- Impartial Screening: Screening at each stage will have to be very rigorous and the mechanism to do so must be impartial. It will have to be doubly ensured that the officers are not victimised for political reasons.
- The officers may be given copper/silver/golden handshakes at the three stages.
Benefits of such scheme for All India Services?
- To tackle increased responsibilities: Welfare schemes are now undertaken on a massive scale, and that law-and-order problems have become far more complex.
- Some bureaucrats have gone to the extent of suggesting that the IAS should be scrapped.
- Agnipath type of scheme would allow a huge influx of young talents.
- To reduce People’s dissatisfaction: There have been complaints about police brutality, and extra-judicial killings.
- Young officers with higher moral values and eagerness to solve people’s problems will help in building people-government trust.
- Not allow the building of smug attitude in officers: It has been noticed that once an officer is selected for the AIS, he/she develops a smug attitude that his/her career for the next 30/35 years is now secure and that, under normal circumstances, he/she would be able to reach the top level.
- No wonder, many of these officers become laid-back and are, most of the time, feathering their nests.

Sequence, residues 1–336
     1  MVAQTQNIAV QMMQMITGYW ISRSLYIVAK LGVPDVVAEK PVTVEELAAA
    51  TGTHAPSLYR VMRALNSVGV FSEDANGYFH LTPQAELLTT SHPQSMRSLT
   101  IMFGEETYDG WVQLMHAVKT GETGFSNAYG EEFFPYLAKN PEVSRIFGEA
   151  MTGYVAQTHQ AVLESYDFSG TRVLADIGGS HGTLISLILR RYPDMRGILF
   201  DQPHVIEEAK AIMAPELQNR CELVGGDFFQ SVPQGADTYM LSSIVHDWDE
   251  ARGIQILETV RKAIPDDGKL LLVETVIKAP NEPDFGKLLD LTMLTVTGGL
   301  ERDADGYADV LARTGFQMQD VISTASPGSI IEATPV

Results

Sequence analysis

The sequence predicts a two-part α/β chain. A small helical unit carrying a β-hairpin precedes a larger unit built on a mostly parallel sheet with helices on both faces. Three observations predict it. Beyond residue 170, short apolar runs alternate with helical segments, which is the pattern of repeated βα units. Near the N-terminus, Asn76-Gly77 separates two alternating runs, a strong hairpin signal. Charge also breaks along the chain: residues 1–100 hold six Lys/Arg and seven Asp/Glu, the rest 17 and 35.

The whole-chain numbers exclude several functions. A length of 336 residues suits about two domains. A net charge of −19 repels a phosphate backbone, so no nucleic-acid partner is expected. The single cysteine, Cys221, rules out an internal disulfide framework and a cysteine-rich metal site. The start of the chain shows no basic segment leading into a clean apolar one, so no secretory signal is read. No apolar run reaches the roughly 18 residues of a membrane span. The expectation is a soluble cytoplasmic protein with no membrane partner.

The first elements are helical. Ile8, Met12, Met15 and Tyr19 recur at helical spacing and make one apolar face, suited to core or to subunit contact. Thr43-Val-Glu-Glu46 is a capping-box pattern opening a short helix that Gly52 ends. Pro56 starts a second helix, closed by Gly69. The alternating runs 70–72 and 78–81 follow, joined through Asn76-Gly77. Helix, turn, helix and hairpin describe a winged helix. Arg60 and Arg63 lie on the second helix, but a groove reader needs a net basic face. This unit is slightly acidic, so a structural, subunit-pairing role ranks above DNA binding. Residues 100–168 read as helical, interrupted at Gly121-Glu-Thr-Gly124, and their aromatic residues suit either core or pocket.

- An Agnipath scheme for the AIS will help to remove complacency and smugness in bureaucracy, prod officers to become performance-oriented, and acquire new skills and flair for innovation in administration.
- Non implementation of SCs directions:
- For instance, the SC ruling in the Prakash Singh case of 2006.
- Agnipath kind of scheme will give an incentive for the government to reform the system on go.
- Make the bureaucracy leaner and more efficient: UP has 29 officers in the rank of Chief Secretary/Additional Chief Secretary, 28 officers in the rank of Principal Secretary, and 61 Secretaries.
- Agnipath kind of scheme will allow the inefficient officers to get retired early.
- Reduce Nepotism and Red tape:
- As one senior official had said in jest, “horses and donkeys, all manage to reach the top under the present system”.
- Agnipath kind of scheme will help filter officers and reduce Nepotism as recruitment would be based on merit.
- It would also ensure that the structure of services becomes pyramid-shaped and not the trapezium it is now.
Amendment in AIS rules:
- Panel to review the performance: The weeding out at different stages can be done by a panel, which may comprise retired judges, officers of impeccable integrity drawn from different services, and distinguished members of the civil society.
- The panel should have representation from all the states of the country — it may have 40 to 50 persons.
- Every time the review is undertaken, three to five from the panel should be chosen by lottery, taking care that they are from states other than the one whose officers’ performance is going to be reviewed.